The Cape will suffer an economic downturn this summer. Fewer people can take a vacation. The reason: it seems that half the citizens of Boston are running for office. They must stay in the city and campaign.
This is occurring just when we thought we could come up for air after the 2012 campaign in which we had to listen to women-haters, poor people-haters, immigrant-haters, and government haters.
Mercifully, the many Bostonians running for mayor and for the city council seats freed up by those running for mayor aren’t haters. What a nice change from the politics of yore. Remember Louise? Dapper? The current crop is less tribal, more sophisticated and some actually seem as if they could govern well.
We’ll finish with the U.S. Senate race, the Eighth Suffolk district state representative race and the First Suffolk District state senate race on June 25. That leaves the rest of the summer for the myriads running for mayor and the city council to shake our hands.
Other columnists have assessed the chances of those who have announced their candidacy and measured their campaign coffers, maturity and general experience. All the candidates go on and on about how they love Boston, a sentiment Mayor Menino’s example has made the first step in getting into the race.
We’ll hear the candidates offer suggestions for economic growth, crime control in certain neighborhoods, how they would provide opportunities for development while also appropriately constraining it, and how they would improve trash and recycling collection and cleanliness.
They’ll mention the bombings and how upsetting they were.
But the city elections, especially in downtown Boston, will turn on two matters—housing and schools. We don’t have enough of either and what we’ve got isn’t good or plentiful enough.
The candidates whose ideas are most credible at addressing those two problems will be the most successful, according to the people I’ve talked with.
In the mayoral race, John Connolly has been a leader in trying to make the school assignment process more reasonable and the schools better. Mike Ross also has a track record with school improvement, especially in the efforts to increase the seats for kids in downtown Boston, which so far has been only partially successful.
But there is a long way to go in both schools and housing. Micro-apartments may be trendy, but those young people who are said to be their occupants will leave Boston when they realize they can’t raise a family in the city.
One developer who may win a designation for an empty parcel of land between the Greenway and the Faneuil Hall Market area actually said at a public meeting that he’s proposing only studios and one-bedroom apartments because that’s what Boston officials want.
The new mayor must change this mindset. Developers who get the nod for permits must be required to include two-, three- and even four-bedroom apartments as part of the deal, just as they are required to include “affordable” units. Incentives must be created to help owners take over absentee landlord buildings, which are I’d say are 90 percent terrible all over the downtown, and occupy them in spaces big enough to hold families. These spaces don’t need to be palatial—those who want to raise children in the city are clever and can cope with small spaces, but they can’t handle “micro,” and they need bedrooms.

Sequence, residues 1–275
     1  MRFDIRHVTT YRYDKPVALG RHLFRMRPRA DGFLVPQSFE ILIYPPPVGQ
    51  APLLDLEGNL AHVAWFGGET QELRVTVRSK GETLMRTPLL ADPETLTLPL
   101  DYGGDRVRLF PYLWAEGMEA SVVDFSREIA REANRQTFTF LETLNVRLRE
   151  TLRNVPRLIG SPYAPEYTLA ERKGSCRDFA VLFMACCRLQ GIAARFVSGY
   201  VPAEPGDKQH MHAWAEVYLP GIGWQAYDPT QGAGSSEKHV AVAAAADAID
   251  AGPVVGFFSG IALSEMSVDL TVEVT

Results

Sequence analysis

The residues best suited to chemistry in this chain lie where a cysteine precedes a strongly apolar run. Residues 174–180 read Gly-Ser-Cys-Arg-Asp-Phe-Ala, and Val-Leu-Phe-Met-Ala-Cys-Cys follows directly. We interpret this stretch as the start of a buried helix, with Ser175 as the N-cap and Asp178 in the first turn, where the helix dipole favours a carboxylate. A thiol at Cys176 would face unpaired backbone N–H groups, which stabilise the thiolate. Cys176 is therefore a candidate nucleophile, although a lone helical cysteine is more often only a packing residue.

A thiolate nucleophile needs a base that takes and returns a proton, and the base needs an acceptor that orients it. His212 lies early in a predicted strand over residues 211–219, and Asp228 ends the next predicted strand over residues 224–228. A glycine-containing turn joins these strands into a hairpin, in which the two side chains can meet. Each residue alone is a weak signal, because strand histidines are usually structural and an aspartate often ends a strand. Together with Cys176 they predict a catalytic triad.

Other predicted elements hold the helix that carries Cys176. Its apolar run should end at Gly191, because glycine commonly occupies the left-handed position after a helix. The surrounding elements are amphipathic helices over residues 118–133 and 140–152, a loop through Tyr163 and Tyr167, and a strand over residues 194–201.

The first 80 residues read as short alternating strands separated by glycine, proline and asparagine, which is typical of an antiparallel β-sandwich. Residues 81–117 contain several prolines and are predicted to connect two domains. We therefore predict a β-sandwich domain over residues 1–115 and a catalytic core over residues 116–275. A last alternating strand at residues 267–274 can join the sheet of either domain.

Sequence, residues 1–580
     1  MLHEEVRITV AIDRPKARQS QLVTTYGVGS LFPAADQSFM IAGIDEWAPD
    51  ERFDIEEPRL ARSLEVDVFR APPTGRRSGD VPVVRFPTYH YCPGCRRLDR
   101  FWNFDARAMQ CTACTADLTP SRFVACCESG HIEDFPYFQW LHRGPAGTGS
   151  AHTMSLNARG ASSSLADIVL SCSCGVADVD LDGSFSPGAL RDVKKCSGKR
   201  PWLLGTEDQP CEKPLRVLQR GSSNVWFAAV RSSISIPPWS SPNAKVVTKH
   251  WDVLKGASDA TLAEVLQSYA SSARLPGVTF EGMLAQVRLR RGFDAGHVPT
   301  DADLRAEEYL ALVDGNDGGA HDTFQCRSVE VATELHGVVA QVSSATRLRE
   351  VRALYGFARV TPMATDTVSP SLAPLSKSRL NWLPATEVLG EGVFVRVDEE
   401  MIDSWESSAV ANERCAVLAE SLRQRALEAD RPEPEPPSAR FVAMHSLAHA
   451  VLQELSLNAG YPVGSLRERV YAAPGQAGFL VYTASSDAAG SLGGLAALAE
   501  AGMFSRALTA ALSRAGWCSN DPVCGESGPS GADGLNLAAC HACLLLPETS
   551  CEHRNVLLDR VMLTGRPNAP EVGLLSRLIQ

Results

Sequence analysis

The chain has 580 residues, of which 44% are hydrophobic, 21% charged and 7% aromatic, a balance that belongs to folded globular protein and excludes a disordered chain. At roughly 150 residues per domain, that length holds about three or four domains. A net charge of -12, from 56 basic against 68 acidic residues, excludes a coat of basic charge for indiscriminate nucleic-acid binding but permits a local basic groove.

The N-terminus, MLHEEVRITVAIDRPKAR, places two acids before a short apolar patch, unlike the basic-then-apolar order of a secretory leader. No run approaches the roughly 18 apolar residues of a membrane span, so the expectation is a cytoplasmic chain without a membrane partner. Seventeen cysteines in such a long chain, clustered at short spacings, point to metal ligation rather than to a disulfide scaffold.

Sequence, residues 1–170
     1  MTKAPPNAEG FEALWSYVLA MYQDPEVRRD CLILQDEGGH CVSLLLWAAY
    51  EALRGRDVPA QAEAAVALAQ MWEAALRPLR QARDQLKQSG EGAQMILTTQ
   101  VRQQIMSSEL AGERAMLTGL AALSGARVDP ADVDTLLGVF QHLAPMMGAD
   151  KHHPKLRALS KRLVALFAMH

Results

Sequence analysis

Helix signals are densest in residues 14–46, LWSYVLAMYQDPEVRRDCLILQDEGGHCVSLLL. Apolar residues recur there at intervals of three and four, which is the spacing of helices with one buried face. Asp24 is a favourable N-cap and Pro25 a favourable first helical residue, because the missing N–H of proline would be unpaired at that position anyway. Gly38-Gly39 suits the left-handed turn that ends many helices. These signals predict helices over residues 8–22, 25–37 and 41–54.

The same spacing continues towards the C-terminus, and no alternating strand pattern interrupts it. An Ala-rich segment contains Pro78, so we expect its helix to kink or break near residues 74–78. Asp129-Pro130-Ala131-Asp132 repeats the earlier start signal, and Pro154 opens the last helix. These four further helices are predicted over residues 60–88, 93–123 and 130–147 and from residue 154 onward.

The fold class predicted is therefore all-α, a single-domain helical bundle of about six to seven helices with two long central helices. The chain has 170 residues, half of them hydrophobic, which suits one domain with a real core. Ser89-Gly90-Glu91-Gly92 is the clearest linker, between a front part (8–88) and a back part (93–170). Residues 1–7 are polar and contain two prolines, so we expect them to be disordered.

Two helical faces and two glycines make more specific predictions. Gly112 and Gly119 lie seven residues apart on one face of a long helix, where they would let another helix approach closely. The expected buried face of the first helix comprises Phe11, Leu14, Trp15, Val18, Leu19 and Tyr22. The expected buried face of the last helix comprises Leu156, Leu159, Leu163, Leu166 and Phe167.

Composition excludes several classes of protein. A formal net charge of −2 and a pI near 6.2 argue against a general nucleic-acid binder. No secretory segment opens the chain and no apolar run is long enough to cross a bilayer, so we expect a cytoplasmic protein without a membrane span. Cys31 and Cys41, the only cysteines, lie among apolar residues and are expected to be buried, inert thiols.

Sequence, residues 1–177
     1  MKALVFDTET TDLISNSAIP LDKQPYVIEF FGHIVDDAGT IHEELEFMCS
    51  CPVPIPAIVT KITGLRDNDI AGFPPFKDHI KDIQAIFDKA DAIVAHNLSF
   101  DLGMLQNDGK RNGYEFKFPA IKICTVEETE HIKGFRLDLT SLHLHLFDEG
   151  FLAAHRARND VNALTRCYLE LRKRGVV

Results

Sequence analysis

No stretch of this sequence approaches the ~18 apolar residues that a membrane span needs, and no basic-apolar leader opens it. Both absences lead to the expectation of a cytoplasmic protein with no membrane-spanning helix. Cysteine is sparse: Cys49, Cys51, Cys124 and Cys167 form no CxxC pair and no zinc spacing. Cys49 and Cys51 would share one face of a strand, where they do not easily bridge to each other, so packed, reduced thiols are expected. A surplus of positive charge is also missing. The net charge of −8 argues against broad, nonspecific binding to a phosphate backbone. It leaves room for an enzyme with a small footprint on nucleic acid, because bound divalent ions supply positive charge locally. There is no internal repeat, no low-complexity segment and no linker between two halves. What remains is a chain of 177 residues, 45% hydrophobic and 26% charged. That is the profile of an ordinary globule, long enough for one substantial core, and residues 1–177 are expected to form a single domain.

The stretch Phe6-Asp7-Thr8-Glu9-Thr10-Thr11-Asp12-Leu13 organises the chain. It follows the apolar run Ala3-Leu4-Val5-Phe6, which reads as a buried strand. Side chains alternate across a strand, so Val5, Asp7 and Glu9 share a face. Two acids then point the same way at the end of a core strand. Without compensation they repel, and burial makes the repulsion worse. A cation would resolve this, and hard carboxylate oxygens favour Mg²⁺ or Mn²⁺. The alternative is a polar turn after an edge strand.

The school problem is obvious, and, although Mayor Menino’s team has had some success in improving schools, it hasn’t been enough. Certain high-performing schools with low-income students have shown that low performance is mostly a problem with teaching skill and methods. All kids can learn successfully, but not unless the school day is longer, the principals are strong and dynamic, and the teachers rely on proven methods such as testing for skills and teaching to those that are lacking. The mayoral candidate and the city council candidates who govern with him must be strong enough to implement changes despite the teachers’ union.
And the school buildings and their playgrounds must be improved. There are schools you wouldn’t want to enter yourself, never mind sending a child there.
The back-to-the-city movement has been a welcome development for Boston, which already was more livable than most American metropolises. But a city without families is an isolated, dried-up place, filled with young professionals and empty nesters who have little at stake, since neither group is spending a lifetime here.
So I know whom I’m voting for, and I know whom many parents will be voting for. They are the candidates who make the best case that they can improve and expand housing and schools.
Downtown View is a regular column by Karen Cord Taylor who founded The Beacon Hill Times weekly newspaper in 1995 and served as its editor and publisher until late 2007. She also founded and served as editor and publisher of the Charlestown Patriot-Bridge and The Back Bay Sun weeklies. Her column appears in those newspapers as well as the Regional Review, which serves Boston’s North End. These weeklies are now owned by the Independent Newspaper Group. She is the author of “Blue Laws, Brahmins and Breakdown Lanes: An Alphabetic Guide to Boston and Bostonians” and the co-author of “The Lady Architects,” a book about three women who practiced architecture in New England and elsewhere in the early 20th century. She lives in downtown Boston and blogs at BostonColumn.com.